In the previous article in this series we introduced the SEP (summary of economic projections) and highlighted the Fed’s expectations for changes in real economic output. Let’s take a look at the expectations for the unemployment rate.
Unlike economic growth, policymakers were bullish about the unemployment rate. Both the range and central tendency were down compared to December 2014 projections. As per new central tendency estimates, the longer-run unemployment rate reduced to 5.0–5.2% instead of the 5.2–5.5% projected in December. This means that policymakers expect unemployment to fall further, which will give them more confidence about the labor market.
Expectations for a rise in PCE (personal consumption expenditures) inflation took the most severe hit among all three indicators. While the expected range of PCE inflation for 2015 reduced from 1.0–2.2% in December to 0.6–1.5% in March, the central tendency expects inflation to be between 0.6% and 0.8% compared to 1.0–1.6% in December. Inflation is expected to rise to near 2% in 2016 (as per central tendency) and settle in a tight range near that level in 2017.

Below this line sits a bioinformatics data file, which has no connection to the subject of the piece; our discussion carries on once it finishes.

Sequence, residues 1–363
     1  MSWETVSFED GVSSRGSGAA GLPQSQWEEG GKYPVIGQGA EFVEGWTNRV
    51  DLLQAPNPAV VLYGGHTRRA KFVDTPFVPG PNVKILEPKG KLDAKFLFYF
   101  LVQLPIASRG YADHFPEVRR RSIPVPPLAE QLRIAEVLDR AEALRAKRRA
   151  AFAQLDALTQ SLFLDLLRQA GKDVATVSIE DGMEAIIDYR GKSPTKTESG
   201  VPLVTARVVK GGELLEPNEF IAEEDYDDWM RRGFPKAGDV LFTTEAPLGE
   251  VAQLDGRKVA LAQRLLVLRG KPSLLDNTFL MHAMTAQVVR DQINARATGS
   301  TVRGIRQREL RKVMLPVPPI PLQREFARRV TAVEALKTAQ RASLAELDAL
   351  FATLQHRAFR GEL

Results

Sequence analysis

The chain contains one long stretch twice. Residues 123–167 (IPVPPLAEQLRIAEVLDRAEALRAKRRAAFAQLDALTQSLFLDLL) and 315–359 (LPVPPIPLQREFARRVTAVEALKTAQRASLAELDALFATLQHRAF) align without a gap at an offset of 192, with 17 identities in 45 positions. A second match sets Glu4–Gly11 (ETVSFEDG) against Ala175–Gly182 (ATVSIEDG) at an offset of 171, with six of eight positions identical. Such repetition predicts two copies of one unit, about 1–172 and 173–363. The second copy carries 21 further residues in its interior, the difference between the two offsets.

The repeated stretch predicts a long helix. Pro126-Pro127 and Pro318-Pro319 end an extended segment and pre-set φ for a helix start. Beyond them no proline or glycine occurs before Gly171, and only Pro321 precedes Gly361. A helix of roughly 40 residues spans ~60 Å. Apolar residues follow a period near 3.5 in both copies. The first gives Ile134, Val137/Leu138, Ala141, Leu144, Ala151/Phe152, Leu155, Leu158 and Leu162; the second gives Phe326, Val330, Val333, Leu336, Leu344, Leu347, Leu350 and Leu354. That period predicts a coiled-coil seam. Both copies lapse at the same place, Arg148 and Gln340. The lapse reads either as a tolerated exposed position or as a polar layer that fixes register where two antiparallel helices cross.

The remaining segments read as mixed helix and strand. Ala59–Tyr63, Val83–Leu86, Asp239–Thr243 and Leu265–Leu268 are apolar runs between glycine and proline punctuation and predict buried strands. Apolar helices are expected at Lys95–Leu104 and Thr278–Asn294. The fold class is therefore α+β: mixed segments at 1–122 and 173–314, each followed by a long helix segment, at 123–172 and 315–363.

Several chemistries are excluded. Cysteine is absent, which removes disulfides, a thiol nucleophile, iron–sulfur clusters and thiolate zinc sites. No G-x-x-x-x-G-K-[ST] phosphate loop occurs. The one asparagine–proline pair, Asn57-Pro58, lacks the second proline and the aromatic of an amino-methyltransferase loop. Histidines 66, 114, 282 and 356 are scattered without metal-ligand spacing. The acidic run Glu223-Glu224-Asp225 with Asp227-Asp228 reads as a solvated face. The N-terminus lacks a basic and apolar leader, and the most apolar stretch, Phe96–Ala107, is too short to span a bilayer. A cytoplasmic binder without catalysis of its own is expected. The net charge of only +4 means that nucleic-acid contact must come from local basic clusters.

The dot plot
Along with the SEP, the FOMC (Federal Open Market Committee) also releases a chart indicating the appropriate target level for the federal funds rate at the end of a calendar year. The chart is known as the dot plot.
The dot plot released at the March 2015 meeting indicates that, although a rate hike in 2015 remains in the cards, more policymakers are expecting a lower federal funds rate than in December. While nine out of 17 participants were expecting the rate to be above 1% in 2015 in the December meeting, the number has come down to four. Seven participants expect the rate to be in the 0.50–0.75% range by the end of 2015.
Similarly, for 2016, 13 out of 17 participants had expected the rate to be above 2%. Only six participants still expect that number as per the latest plot.
This indicates that, although the rate may still rise in mid-2015, the pace of its rise will be slower than before. Looks like the possibility of lower consumer spending (XLY)(XLP)—which may affect stocks of companies like PepsiCo (PEP), McDonald’s (MCD), and Philip Morris International (PM)—and depressed inflation had its effect on policymakers regarding the speed of rate hikes.
In the last article of this series, let’s look at the financial markets’ reaction to FOMC’s March 2015 statement.